An employee loads a truck with boxes to be shipped at the Amazon.com Inc. distribution center.
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By Sam Frizell
February 2, 2015

Amazon is matriculating.

The e-commerce giant has inked deals with three major universities to run websites selling all sorts of college students’ delectables, including textbooks, college-themed apparel and ramen noodles, the Wall Street Journal reports. Students at Purdue University, the University of Massachusetts Amherst and the University of California Davis can use the new co-branded website to place orders.

The campus initiative gives unlimited next-day on-campus delivery to Amazon Student Prime members (quicker than the two-day delivery for regular Amazon Prime customers). Also as a part of the deal, Amazon will set up new package distribution centers at each partner school.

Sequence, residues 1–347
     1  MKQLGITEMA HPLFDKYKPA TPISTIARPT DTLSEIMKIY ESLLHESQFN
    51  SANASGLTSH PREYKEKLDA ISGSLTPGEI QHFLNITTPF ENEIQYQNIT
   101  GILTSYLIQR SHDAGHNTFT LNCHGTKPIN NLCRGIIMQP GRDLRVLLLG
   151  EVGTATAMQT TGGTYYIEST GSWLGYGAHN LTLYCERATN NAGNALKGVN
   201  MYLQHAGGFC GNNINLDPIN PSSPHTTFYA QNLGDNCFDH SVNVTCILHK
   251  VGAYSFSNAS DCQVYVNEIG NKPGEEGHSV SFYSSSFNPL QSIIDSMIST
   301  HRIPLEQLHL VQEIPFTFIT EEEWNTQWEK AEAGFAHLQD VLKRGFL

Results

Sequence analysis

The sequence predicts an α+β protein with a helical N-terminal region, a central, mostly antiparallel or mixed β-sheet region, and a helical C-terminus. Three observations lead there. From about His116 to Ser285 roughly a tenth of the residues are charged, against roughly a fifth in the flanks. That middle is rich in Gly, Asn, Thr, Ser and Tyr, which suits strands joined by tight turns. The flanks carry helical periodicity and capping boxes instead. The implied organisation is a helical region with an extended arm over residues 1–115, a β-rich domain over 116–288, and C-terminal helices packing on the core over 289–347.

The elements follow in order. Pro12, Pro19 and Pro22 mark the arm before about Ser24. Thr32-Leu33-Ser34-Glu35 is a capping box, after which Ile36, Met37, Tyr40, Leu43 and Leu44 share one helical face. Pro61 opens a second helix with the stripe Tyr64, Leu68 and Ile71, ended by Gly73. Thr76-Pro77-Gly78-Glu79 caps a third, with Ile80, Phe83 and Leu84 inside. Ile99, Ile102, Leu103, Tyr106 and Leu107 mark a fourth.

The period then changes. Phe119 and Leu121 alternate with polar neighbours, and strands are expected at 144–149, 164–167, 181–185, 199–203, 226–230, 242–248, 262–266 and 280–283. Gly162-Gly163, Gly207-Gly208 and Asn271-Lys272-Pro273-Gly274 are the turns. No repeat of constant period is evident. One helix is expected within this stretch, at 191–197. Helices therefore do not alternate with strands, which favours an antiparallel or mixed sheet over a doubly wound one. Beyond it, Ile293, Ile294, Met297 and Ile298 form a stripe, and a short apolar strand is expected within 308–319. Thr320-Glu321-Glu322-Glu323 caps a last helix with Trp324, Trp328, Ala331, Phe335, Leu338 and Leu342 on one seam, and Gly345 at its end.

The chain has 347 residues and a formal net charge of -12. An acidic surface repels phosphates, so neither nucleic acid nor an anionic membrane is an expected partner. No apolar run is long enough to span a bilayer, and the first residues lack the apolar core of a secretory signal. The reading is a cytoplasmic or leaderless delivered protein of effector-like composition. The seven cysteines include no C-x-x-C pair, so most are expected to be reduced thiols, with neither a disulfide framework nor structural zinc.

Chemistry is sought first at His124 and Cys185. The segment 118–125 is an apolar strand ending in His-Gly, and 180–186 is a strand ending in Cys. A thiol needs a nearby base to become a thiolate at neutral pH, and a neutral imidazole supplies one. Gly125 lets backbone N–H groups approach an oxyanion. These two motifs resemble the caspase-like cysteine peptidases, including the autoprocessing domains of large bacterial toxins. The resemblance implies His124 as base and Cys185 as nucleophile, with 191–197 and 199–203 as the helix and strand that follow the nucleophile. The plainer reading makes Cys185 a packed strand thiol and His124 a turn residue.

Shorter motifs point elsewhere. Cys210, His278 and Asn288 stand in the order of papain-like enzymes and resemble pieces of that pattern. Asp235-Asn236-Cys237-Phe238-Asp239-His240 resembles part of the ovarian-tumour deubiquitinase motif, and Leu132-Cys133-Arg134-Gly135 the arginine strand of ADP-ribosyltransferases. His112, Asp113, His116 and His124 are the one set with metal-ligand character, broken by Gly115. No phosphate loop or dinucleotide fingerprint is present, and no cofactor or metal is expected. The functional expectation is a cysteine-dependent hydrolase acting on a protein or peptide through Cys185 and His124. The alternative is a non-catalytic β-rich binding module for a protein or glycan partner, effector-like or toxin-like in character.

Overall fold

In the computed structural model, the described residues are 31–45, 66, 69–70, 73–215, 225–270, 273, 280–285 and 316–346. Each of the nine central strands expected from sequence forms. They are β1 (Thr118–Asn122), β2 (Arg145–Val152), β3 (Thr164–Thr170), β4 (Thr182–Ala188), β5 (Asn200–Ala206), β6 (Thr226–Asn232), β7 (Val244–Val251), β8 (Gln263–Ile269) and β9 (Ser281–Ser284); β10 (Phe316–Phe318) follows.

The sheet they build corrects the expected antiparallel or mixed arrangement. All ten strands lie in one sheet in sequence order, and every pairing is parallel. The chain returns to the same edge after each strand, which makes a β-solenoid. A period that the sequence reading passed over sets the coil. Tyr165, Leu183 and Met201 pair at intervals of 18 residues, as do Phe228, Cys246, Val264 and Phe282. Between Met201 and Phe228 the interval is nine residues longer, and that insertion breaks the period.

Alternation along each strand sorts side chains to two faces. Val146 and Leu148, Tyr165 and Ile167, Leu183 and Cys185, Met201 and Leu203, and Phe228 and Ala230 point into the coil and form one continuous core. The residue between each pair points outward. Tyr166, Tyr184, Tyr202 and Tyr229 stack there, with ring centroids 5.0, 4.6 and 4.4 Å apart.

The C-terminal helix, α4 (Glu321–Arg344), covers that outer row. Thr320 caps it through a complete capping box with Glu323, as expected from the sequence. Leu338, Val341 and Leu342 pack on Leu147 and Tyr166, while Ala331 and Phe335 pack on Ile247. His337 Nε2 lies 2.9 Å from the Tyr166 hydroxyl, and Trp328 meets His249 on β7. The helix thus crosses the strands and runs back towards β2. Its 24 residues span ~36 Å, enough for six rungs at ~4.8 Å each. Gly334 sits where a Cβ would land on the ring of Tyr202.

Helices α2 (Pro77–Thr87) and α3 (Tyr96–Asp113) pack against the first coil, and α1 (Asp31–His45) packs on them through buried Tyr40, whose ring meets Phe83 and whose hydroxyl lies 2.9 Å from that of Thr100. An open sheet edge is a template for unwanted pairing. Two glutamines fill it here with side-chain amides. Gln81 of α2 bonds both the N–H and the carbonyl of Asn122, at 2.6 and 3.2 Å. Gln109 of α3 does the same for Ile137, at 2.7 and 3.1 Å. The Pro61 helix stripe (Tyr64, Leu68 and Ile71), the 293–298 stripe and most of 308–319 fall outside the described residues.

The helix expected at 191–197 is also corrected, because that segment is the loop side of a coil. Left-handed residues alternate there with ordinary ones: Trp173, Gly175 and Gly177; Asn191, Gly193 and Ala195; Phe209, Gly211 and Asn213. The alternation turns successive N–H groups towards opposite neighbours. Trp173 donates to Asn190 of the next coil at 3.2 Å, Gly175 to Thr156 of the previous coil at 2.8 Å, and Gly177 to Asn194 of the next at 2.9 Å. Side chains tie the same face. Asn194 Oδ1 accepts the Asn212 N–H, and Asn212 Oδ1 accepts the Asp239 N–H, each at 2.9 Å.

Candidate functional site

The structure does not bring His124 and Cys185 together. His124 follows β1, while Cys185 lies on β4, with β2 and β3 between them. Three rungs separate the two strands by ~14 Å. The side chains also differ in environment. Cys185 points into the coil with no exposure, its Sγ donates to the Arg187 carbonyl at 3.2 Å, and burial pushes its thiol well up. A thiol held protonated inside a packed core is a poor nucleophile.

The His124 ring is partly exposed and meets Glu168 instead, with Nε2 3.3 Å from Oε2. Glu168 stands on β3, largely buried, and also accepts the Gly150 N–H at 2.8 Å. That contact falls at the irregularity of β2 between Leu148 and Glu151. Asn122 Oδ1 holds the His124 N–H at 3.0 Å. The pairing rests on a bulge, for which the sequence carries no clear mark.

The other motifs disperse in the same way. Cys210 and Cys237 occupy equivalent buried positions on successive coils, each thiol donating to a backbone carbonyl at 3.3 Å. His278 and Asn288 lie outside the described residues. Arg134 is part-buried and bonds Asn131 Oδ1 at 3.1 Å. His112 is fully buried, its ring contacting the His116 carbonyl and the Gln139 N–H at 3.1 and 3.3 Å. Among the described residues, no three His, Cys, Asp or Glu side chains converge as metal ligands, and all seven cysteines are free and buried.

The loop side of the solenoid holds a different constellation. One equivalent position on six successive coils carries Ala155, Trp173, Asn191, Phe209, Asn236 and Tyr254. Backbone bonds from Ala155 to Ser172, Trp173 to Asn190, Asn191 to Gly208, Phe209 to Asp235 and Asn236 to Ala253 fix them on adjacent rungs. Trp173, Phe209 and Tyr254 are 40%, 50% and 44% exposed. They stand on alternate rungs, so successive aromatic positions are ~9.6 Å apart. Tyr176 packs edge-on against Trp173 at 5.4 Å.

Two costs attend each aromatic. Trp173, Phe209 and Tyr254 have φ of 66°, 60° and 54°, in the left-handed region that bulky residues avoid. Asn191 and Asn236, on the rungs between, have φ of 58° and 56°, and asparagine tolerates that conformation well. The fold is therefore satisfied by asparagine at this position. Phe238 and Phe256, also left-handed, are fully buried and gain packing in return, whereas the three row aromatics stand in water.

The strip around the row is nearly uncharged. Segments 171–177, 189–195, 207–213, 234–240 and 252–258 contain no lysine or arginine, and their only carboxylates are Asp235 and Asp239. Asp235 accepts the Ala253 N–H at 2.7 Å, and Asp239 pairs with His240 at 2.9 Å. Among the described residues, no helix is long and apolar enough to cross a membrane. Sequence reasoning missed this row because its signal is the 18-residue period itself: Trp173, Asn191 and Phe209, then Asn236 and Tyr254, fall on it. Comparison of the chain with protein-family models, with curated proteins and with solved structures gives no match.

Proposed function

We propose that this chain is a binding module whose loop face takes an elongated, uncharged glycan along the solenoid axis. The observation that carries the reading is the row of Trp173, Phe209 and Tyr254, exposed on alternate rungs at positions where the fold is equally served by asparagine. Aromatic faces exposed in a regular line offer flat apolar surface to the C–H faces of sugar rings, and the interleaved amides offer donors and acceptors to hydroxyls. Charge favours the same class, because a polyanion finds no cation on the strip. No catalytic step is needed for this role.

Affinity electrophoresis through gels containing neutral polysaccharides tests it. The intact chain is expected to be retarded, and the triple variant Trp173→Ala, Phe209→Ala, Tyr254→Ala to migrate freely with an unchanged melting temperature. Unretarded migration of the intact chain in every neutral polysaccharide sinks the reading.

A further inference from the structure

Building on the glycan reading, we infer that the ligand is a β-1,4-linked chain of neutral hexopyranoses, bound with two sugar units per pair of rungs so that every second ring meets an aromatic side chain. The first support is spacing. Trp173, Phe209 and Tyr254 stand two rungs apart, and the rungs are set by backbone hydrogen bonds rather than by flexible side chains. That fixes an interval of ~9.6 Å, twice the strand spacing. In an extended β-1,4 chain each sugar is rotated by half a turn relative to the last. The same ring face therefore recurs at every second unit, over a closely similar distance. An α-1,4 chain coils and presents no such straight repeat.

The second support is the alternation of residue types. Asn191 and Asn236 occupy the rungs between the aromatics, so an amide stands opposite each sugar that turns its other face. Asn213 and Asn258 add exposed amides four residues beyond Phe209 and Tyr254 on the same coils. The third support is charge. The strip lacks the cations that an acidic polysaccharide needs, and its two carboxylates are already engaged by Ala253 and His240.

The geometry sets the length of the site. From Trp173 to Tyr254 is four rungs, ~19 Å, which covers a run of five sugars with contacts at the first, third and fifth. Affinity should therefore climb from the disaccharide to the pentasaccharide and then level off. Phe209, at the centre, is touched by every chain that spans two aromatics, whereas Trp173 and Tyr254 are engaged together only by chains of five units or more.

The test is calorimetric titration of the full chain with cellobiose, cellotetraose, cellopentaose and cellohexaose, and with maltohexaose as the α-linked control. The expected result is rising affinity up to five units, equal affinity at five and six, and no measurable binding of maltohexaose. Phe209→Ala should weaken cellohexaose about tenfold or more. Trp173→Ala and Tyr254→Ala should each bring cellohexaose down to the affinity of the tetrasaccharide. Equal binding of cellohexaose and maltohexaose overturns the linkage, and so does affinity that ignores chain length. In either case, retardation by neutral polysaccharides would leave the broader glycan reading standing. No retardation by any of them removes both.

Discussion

Amazon is aiming at a coveted market that spends $10.3 billion every year at college bookstores. Barnes & Noble is currently a major supplier for college bookstores, selling $1.75 billion in its college division in its 2014 fiscal year. Follett Corporation is also a major player in the space.

“College campuses are an opportunity for us,” said Ripley MacDonald, director of Amazon student programs. “We hope students like it and continue being Amazon customers.”

[WSJ]

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